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A Look at the History of the Federal Highway Administration
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July 27
1925 In Chicago, IL, the ICC begins a series of hearings on the complaint that motor transport is materially injuring the business of rail carriers. Representatives of rail and highway carriers, as well as shippers, testify. Chief Thomas MacDonald and J. G. McKay, Chief of BPR's Highway Economics Division, testify at length on the proposal to regulate motor carriers as the railroads are regulated. MacDonald states that motor trucks carry about 2 percent of the total volume of freight handled by the railroads. He adds that any change from rail to highway transportation was principally because the public wanted that kind of service.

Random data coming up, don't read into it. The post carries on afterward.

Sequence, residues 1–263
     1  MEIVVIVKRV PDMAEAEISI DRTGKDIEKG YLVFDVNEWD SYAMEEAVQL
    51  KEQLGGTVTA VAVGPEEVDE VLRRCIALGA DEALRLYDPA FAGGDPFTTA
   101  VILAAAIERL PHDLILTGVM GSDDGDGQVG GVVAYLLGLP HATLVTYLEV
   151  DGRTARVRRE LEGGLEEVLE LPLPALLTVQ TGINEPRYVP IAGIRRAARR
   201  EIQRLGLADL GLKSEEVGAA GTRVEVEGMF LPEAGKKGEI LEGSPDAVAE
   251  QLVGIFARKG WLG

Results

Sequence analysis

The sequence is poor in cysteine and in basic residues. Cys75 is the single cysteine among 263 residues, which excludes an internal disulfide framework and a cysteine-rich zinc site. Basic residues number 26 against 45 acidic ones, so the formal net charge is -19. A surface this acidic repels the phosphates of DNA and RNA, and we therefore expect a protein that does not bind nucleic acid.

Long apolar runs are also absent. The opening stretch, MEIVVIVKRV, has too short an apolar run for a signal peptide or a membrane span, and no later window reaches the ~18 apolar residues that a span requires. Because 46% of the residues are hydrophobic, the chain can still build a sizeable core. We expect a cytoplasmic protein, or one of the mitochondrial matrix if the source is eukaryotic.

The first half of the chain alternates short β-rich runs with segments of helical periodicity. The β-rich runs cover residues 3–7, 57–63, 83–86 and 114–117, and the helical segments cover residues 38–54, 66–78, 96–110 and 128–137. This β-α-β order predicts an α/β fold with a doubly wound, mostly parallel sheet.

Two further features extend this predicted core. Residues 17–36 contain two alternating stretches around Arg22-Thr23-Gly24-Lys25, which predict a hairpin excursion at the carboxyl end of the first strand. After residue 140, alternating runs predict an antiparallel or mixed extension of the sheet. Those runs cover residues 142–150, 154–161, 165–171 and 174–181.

1986 President Ronald Reagan signs the Commercial Motor Vehicle Safety Act, giving FHWA new tools to enhance commercial vehicle safety, including a requirement that bus and truck drivers have a single commercial driver's license based on uniform standards for testing drivers; creation of a central clearinghouse for complete driving records (See April 1, 1992); and mandatory penalties for serious traffic violations and felony convictions.
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